“We have common needs. We need to come together in an organized manner to harness this energy that has created this unique virtual community, and work together to deal with the unique marketing, legal and technical issues involved, along with the socially isolating nature of our trade.”
OUT OF THE ASHES
Together with other ex-SaVoA directors, Dan has been building a new and more transparent voice-over organization, modeled after a Trade Association. It was incorporated on April 25th 2012, and it was launched a day later. It’s called the World-Voices organization. Lenard explains:
“It’s an organization founded and funded by businesses that operate in a specific industry. An industry trade association participates in public relations activities such as advertising, education, and publishing, but its main focus is collaboration between businesses, or standardization. Many associations are non-profit organizations governed by bylaws and directed by officers who are also actual voting “members” of the association, not just certificate of Accreditation holders.
This is a model that makes sense for us, the independently based freelance voice artist, here and now. To have an individual competitive advantage we need to have agreed standards of business to strive for. Marketing wise, legally and because of the new territory of being able to produce quality audio at home, Accreditation of technical skills based on the reality of today’s digital marketplace, not outdated, obsolete broadcasting standards.”
Founding Executive Vice President, Dave Courvoisier says:
“Our founders are Dustin Ebaugh, Dan Lenard, Chris Mezzolesta, Robert Sciglimpaglia, Andy Bowyer, “Kat” Keesling, and myself. All are SaVoa ex-patriates. With certain obstacles out of our way, we’ve been able to organize, conceptualize, implement, and carry-out an amazing array of technical, foundational, and legal collaborations in just a matter of days.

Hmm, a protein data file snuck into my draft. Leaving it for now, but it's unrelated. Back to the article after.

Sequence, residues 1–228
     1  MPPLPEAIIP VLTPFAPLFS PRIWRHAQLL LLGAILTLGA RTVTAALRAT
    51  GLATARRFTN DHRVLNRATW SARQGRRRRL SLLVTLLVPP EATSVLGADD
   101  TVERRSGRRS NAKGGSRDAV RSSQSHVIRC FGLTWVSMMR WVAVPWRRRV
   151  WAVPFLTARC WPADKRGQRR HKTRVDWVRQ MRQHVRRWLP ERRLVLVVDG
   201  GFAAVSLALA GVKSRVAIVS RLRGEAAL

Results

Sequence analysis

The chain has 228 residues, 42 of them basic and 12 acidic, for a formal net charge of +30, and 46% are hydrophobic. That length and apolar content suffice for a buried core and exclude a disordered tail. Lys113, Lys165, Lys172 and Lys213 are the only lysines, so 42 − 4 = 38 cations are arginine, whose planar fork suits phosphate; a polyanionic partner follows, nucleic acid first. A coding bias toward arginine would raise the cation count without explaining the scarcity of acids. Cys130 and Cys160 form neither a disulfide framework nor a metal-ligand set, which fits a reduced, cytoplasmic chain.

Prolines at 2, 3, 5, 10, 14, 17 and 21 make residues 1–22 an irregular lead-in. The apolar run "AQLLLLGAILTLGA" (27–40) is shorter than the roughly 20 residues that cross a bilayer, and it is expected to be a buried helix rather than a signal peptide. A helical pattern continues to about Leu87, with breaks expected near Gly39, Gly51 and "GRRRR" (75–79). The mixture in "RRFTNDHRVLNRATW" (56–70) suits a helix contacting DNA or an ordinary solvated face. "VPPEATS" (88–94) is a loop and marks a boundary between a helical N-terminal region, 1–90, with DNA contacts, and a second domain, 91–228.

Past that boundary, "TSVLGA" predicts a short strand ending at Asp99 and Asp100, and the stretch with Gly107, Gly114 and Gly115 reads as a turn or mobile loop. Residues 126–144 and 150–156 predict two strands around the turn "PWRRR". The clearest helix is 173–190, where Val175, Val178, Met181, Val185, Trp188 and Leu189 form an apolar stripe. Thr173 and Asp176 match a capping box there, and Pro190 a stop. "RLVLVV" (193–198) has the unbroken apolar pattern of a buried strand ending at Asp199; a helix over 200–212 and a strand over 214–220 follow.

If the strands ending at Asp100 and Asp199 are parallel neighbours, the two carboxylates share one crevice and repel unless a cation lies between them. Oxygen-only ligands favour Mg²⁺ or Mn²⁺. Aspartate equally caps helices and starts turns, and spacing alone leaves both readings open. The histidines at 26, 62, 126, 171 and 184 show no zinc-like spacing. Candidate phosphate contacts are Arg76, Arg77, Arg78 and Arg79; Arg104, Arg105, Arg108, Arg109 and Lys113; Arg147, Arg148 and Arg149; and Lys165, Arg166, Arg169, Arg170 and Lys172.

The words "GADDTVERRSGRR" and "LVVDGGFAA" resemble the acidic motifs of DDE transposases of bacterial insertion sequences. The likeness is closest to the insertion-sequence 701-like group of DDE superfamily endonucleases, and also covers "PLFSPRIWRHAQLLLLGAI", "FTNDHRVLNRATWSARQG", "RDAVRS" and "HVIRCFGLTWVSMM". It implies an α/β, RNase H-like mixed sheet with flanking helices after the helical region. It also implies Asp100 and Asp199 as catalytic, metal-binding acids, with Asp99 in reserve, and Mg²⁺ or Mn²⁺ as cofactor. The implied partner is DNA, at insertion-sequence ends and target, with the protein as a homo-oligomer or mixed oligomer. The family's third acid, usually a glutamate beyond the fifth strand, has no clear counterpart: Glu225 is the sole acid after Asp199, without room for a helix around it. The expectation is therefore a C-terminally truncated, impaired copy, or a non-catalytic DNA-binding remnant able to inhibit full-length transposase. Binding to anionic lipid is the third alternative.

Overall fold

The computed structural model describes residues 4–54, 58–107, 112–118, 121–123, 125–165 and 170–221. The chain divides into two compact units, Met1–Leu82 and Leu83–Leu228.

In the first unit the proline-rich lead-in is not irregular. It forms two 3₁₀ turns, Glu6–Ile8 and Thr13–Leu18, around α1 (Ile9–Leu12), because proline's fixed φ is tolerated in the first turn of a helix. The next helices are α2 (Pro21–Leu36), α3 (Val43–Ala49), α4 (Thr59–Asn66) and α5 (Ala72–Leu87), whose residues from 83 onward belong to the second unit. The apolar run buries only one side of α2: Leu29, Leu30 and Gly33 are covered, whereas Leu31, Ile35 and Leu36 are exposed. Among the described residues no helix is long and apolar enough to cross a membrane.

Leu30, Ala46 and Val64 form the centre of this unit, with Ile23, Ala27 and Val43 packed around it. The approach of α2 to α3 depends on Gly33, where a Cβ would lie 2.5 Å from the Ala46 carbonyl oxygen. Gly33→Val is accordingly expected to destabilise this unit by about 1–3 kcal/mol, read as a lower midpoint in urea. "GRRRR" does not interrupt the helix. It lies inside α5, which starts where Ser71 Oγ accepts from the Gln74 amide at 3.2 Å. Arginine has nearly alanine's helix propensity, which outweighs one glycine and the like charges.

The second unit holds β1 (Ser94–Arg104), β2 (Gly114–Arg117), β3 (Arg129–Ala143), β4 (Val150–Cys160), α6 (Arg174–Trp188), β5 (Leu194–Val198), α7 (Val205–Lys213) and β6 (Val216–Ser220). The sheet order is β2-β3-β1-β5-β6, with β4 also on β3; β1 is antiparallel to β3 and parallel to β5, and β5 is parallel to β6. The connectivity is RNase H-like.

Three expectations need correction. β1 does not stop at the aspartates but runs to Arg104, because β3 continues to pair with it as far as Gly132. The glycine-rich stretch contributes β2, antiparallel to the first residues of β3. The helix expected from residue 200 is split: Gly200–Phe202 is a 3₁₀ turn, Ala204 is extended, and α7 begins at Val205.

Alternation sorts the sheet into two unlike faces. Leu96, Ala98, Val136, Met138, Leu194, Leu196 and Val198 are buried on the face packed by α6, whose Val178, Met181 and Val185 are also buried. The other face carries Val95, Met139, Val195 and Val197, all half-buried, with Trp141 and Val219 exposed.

The newly established World-Voices Organization will actively work to promote certified members to potential voice seekers through its website and in an aggressive marketing campaign. Materials explaining a proposed structure will be posted on our website.”
And what do I make of this?
If teachers, lawyers, roofers and even DJ’s see value in building a business organization with a code of conduct and professional standards, I see no reason why voice-overs should not follow in their footsteps.
I am in favor of defining criteria for excellence and ethical behavior. It’s important to create programs that will further our field and promote professionalism. Let’s show the outside world what being a voice-over pro entails!
We have a vibrant, supportive and growing community. It’s time to take ourselves and our line of work seriously. If we don’t, no one else will and we’ll forever be known as a bunch of bickering amateuristic blabbermouths.
We need and deserve this professional organization for ourselves, and to help the outside world separate the wheat from the chaff.
Now, to make sure that good people with good intentions will fail, you and I will only have to do one thing:
It’s very easy to stand on the sidelines and ridicule, criticize and discourage the efforts of a few. It takes no commitment whatsoever. It’s safe, it’s lame and it’s lazy.
I’d like you to consider this.
SaVoA did not fail to grow because the founder had no vision. The fact that SaVoA wasn’t thriving cannot be blamed on directors supposedly sitting on their behinds. Most of them worked their butts off!
The way I see it, SaVoA failed because part of the voice-over community paid lip service to the organization (VO’s are good at that), but never invested in it. The other part looked at it from a distance and said:
Existing members did not succeed in making the organization relevant. Some of them adopted a wait-and-see attitude and vented their frustration that nothing was happening.
Many will look at World-Voices and ask themselves this question:
“What will I get out of it?”
Those who are primarily focused on themselves ask that question all the time. If that is going to be your approach, I predict that this new association of voice over professionals will die a quick death.
This is not going to be a ME-ME-ME organization. This is a WE-organization, working to benefit our entire community and beyond.
I challenge you to ask this question instead:
“What can I do to make World-Voices relevant, strong and successful?”
If you want to make it matter, you have to be involved.
Otherwise, another tree will soon fall in the forest without a sound.
Paul Strikwerda ©nethervoice
We have a new internet sensation: a 14 year-old kid who sounds like a movie trailer man. Could your ability to sound like someone else help or hurt your career? That’s the topic of my next blog post.